Ever since I was a kid i’ve been hearing mixed and oftentimes wrong opinions about video games. Some people consider these to be only for children, other consider them a foolish hobby and there are the ones who simply have no faith in anything that isn’t a “regular” job. By now, I have heard opinions that have no true facts to support them about several aspects of the industry from people I know and respect. Surprisingly, it was an article about Steven Spielberg and George Lucas that took me by surprise with how unfounded and misinformed they are. Continue reading “Why voicing your opinion is a tricky business”
As a Game Designer, it’s always scary to know that the industry is in trouble. Different to other larger and more mature economic activities, video games have a rather volatile nature. One step in the wrong direction and sales will plummet miserably. Yes, sales, everything always revolves around sales because they are what drive any industry and allow growth. However, Satoru Iwata in one of his most recent statements refuses to lay off part of his staff. Is this really a wise move?
This year I was selected as an IGDA scholar and attended the GDC 2013. While attending conferences, visiting studios and speaking to some of the brightest people in the industry, there was a question burning in the back of my mind that seems to be one of the hardest to answer: How to find the perfect relationship between gameplay and narrative?
I have played my fair share of cinematic games to know that this path is not the right one. The problem, as mentioned in Erik Kain’s points article for his Forbes blog, is not making characters look more realistic, it’s finding the way in which the game itself tells the story. In my opinion, it’s about telling a story without overusing cutscenes. All of us remember the days when movies were viewed in a similar light: who would have thought that movies could tell a powerful story and convey emotions in the days when the most popular ones were action movies? Cowboys fighting, monsters attacking cities, cartoon characters focused on comical events or even demons in horror movies didn’t go deeper than producing adrenaline or a good laugh. Videogames are in a similar stage: we’re used to action, but it doesn’t mean there is not an audience that craves deeper emotions.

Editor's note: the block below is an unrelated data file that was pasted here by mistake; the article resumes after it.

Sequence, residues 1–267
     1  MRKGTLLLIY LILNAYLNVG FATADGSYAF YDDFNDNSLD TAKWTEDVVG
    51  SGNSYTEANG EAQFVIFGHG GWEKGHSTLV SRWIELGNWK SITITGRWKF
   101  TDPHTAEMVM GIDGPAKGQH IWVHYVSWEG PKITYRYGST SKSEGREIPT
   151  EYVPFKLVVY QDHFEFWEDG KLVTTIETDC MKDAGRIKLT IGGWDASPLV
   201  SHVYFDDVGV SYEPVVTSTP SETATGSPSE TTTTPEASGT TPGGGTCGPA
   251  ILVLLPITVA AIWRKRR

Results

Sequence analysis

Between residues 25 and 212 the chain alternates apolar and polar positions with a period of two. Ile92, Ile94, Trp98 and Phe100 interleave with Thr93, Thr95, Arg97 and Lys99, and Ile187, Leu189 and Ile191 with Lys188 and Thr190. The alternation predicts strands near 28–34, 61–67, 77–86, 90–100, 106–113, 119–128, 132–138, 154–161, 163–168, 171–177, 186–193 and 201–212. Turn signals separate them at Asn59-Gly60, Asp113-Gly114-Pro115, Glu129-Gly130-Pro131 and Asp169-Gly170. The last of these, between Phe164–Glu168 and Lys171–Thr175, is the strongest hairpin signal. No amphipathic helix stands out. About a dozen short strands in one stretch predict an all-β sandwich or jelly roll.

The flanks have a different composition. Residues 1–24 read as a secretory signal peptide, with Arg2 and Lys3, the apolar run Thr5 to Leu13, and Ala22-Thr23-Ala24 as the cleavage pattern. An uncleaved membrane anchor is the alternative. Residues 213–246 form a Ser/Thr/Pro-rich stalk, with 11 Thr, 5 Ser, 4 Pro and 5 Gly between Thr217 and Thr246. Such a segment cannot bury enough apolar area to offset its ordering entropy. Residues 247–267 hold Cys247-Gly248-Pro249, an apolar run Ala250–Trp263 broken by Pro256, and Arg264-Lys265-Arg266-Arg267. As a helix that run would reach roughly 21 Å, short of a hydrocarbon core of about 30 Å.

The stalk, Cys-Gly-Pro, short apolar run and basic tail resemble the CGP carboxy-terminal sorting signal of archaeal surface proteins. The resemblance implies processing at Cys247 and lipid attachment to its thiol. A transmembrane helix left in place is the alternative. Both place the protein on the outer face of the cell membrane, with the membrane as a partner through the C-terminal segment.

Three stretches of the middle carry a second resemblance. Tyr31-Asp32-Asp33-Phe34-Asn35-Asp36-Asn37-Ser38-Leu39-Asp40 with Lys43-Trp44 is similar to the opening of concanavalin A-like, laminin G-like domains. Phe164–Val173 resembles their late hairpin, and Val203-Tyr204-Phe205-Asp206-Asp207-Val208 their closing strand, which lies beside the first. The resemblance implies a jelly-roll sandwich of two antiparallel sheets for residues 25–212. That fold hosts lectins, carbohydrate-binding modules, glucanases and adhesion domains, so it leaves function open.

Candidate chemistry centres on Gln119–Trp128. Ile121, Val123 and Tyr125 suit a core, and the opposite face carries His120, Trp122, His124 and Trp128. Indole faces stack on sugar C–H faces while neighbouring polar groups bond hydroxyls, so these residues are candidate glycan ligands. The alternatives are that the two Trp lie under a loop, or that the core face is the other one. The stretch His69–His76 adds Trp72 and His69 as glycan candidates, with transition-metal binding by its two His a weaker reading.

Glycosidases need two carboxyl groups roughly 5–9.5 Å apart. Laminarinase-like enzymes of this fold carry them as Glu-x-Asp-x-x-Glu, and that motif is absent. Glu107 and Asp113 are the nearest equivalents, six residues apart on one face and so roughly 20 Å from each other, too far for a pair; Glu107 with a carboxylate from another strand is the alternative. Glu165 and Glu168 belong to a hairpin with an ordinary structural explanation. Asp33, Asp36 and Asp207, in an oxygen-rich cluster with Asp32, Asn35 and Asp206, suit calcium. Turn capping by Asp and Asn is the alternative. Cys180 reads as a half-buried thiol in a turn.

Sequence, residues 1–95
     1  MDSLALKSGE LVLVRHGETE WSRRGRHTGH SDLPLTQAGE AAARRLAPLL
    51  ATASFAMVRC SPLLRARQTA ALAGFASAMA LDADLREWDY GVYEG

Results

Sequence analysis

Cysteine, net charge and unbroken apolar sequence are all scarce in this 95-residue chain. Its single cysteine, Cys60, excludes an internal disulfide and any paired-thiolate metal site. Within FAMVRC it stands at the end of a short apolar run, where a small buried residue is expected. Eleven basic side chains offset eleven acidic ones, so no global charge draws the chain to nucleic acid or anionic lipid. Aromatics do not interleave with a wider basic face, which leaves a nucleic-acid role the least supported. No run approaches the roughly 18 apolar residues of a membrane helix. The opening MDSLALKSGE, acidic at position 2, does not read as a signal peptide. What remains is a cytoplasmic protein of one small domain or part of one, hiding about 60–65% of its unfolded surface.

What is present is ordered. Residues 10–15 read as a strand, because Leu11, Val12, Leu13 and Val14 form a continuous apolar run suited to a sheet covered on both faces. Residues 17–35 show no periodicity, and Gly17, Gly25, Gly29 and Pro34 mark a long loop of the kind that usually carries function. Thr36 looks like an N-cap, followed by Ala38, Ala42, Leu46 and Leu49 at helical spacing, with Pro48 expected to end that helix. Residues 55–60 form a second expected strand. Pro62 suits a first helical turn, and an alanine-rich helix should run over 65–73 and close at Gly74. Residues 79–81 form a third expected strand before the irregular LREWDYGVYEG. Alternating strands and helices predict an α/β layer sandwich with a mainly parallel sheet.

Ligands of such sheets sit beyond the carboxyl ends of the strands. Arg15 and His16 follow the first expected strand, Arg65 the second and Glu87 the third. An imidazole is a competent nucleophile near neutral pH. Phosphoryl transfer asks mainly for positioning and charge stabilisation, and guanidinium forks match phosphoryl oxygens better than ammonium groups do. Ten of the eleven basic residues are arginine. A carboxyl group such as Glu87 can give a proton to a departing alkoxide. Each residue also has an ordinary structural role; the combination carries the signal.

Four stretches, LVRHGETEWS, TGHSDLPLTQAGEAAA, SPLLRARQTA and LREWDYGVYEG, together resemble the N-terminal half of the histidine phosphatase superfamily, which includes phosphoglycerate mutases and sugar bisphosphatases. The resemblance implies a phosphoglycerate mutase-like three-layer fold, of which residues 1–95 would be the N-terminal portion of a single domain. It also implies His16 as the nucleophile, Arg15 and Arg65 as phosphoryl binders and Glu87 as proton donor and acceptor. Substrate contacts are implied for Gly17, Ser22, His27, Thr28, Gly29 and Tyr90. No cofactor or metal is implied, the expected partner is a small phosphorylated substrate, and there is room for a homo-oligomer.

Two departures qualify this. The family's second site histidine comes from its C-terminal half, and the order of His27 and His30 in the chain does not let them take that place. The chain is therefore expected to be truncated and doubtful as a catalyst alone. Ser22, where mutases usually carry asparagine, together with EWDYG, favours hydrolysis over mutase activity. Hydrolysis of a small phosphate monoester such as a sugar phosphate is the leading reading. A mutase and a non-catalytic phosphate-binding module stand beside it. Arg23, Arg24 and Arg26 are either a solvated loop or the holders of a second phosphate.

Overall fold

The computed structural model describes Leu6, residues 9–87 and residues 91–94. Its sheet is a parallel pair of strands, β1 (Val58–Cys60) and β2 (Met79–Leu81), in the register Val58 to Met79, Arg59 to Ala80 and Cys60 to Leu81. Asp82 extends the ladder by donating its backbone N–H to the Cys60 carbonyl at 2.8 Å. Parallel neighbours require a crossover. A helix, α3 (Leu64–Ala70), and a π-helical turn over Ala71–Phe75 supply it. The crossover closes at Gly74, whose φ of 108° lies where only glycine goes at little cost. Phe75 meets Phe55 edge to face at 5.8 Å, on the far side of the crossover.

Movies didn’t make their stories more believable or their characters more natural, they changed the narrative so the message came through, regardless of the details in the story. The same scary movie or monster attack could provoke more than just adrenaline, and it’s playing with those emotions that takes it to the next level. With video games, it’s not about the embelishment of visual elements as much as it is revising the narrative and letting go of cut scenes as the only resource to communicate the story. Lately I’ve found myself feeling disappointed by games that didn’t try harder to achieve this, they stayed in a “safe” territory. If I want to watch a movie, I’ll go to the movies instead of spending $60+ to work my way through the narrative and find through cut scenes what it’s all about. True innovation is a game where the story is the game and not just another element.
What is most important to you when playing a game?
See you soon,